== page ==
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What renders financial advisors less treacherous? - On commissions and reciprocity -

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  • Vera Popva

    ()
    (Max Planck Institute of Economics, Jena, Germany)

Abstract

An advisor is supposed to recommend a financial product in the best interest of her client. However, the best product for the client may not always be the product yielding the highest commission (paid by product providers) to the advisor. Do advisors nevertheless provide truthful advice? If not, will a voluntary or obligatory payment by a client induce more truthful advice? According to the results, only the voluntary payment reduces the conflict of interest faced by advisors.

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Paper provided by Friedrich-Schiller-University Jena, Max-Planck-Institute of Economics in its series Jena Economic Research Papers with number 2010-036.

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Date of creation: 23 Jun 2010
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Handle: RePEc:jrp:jrpwrp:2010-036

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Keywords: financial advisors; moral hazard; reciprocity; experiments;

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Cited by:
  1. Vera Angelova & Tobias Regner, 2012. "Do voluntary payments to advisors improve the quality of financial advice? An experimental sender-receiver game," Jena Economic Research Papers 2012-011, Friedrich-Schiller-University Jena, Max-Planck-Institute of Economics.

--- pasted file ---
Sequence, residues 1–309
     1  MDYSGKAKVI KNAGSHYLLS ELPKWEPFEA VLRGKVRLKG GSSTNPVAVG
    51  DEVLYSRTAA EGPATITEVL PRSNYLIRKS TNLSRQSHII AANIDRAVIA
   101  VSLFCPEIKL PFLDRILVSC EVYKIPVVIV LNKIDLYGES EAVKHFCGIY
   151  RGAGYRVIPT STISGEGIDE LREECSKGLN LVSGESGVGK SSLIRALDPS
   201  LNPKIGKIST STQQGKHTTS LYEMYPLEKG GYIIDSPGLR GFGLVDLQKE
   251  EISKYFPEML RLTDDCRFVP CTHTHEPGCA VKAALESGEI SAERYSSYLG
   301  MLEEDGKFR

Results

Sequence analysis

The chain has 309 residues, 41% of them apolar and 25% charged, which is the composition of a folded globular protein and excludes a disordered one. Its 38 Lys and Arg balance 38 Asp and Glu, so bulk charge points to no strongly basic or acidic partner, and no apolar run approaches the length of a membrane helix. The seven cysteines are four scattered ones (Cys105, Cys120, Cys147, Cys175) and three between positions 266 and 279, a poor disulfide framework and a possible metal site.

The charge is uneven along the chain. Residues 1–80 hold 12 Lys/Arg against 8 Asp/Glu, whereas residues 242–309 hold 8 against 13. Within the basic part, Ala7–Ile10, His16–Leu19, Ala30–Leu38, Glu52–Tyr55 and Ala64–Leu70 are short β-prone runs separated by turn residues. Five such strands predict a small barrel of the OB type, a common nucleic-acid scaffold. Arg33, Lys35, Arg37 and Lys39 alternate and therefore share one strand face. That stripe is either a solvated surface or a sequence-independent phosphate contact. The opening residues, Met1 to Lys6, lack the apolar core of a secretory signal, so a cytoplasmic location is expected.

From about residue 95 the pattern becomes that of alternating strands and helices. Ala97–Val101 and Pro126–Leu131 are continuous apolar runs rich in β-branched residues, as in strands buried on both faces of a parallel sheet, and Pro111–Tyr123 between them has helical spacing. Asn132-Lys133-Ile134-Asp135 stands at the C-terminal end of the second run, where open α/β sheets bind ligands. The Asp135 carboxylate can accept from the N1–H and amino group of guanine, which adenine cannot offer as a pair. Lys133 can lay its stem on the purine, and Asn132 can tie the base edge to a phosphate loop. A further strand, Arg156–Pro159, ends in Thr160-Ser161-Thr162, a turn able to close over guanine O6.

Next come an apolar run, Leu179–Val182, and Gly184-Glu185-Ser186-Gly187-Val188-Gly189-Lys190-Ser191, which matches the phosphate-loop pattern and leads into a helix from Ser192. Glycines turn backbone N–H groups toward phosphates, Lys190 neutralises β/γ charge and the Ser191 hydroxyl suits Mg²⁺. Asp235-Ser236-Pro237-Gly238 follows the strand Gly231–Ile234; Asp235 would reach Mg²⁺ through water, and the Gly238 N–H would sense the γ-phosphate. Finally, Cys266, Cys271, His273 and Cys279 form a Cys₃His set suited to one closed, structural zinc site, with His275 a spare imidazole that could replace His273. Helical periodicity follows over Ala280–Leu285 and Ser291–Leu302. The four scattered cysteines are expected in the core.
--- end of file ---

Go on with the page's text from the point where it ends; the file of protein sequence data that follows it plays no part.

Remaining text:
2. Sascha Behnk & Iván Barreda-Tarrazona & Aurora García-Gallego, 2012. "Reducing deception through subsequent transparency - An experimental investigation," Working Papers 2012/14, Economics Department, Universitat Jaume I, Castellón (Spain).
  3. Anastasia Danilov & Torsten Biemann & Thorn Kring & Dirk Sliwka, 2012. "The dark side of team incentives: Experimental evidence on advice quality from financial service professionals," Cologne Graduate School Working Paper Series 03-13, Cologne Graduate School in Management, Economics and Social Sciences, revised 18 Dec 2012.
  4. Angelova, Vera & Regner, Tobias, 2013. "Do voluntary payments to advisors improve the quality of financial advice? An experimental deception game," Journal of Economic Behavior & Organization, Elsevier, vol. 93(C), pages 205-218.

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